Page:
Big thank you from

Police chief asks for patience as security is stepped up


The flag flies at half mast at Lisburn PSNI station and, left, Chief Inspector David MooreTHE police have confirmed that security has been stepped up in Lisburn in the wake of the terrorist attacks in Antrim and Craigavon. Lisburn PSNI commander, Chief Inspector David Moore, said people could expect to see more vehicle checks and use of stop and search, but promised any inconvenience to local people would be limited to what is 'absolutely necessary' to deal with the current threat level in the city.

"Community policing is going to continue and we will continue our normal police activities," he said. "The security situation is under hour by hour review, dependent on the threat level.

"Lisburn is part of a general threat. There will be some changes to what we do and how we do it. Some of these changes will be obvious to the public and some will be unseen.

"One of the powers we will, of course, be using is Section 44 stop and search. This is sensitive and challenging both for us and the community.

"In Lisburn people will see that in the form of vehicles checkpoints, set up under carefully considered frameworks."

Mr Moore said he was also aware of the need to offer reassurance to the large military community in Lisburn and they had moved to do that.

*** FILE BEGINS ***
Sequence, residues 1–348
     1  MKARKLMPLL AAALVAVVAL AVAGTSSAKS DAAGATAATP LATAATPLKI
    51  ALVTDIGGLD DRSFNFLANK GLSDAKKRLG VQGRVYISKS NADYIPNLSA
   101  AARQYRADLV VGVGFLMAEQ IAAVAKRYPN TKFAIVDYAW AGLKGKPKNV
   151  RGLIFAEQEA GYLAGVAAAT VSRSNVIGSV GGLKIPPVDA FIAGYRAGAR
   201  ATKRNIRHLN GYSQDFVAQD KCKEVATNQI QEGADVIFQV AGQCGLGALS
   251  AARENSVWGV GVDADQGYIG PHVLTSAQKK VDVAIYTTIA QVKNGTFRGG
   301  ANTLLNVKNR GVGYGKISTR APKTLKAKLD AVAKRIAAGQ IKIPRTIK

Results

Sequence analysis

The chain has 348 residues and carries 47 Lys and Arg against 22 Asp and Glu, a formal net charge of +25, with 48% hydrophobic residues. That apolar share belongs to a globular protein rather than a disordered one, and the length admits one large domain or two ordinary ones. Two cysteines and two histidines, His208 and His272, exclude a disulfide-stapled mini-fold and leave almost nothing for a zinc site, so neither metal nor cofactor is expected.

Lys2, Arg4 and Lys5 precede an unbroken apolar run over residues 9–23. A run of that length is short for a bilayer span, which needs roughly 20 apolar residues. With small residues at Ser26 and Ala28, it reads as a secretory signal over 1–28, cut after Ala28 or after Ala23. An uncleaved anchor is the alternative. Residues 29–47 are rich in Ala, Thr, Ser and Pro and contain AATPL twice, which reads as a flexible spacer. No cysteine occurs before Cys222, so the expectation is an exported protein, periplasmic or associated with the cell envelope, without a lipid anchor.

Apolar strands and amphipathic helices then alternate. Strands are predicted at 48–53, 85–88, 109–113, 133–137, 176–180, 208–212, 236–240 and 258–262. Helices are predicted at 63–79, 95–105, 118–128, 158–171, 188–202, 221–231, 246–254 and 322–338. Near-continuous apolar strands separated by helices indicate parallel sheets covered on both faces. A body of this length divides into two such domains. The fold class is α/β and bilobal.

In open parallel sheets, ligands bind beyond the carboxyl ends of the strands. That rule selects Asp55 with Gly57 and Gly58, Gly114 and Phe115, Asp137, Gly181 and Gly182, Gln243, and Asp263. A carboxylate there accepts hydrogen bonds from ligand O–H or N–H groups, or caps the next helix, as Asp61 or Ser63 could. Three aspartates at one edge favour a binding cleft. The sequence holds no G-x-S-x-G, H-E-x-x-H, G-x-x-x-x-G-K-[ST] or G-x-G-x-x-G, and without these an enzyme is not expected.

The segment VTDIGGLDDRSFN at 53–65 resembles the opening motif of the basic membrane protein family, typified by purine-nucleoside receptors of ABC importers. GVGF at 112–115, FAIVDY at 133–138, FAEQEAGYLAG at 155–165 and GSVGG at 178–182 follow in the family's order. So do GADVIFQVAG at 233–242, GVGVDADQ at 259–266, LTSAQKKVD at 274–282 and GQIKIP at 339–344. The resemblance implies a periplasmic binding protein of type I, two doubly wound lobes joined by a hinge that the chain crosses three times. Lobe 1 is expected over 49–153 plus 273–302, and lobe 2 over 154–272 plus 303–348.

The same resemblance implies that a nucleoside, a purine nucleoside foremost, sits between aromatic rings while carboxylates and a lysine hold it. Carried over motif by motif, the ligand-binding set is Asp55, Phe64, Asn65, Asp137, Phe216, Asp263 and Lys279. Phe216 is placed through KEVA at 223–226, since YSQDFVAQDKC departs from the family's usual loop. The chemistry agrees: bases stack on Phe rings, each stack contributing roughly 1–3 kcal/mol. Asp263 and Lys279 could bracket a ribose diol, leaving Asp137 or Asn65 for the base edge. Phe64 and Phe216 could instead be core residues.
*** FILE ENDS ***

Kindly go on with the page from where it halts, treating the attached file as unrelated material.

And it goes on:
Condemning the recent attacks and speaking of his pride in his officers, Chief Inspector Moore said: "I would add my voice to the condemnation of the deluded criminal degenerates who were behind the attacks.

He thanked the people of Lisburn for their continued patience and support, and appealed for anyone with any information about terrorist activity, to contact the police.

"I would also appeal for patience from anyone who is delayed or disrupted by any police operation in the coming days and weeks," he said. "We will do everything we can to reduce the impact on the community and everything we do will be proportionate and absolutely necessary.

"I am very proud of the officers in Lisburn who are continuing to do a job they believe in and which they love. I pay tribute to the young men and women who are determined not to be deterred from that job. Just like our colleague in Craigavon, we are not going to step back; we are going to continue to place ourselves in the line of danger to protect innocent people. We are going to hold our nerve.

"The flag at Lisburn police station currently flutters at half mast amidst a sea of daffodils as we remember our colleague in Craigavon. The best way we can honour him is to keep doing the job we believe in."

Chief Inspector Moore appealed to anyone who notices any suspicious activity or has any information they think may contribute to the fight against the terrorist threat, to get in touch with the police, either directly, or using the Crimestoppers number 0800 555 11 1.

Ulster Star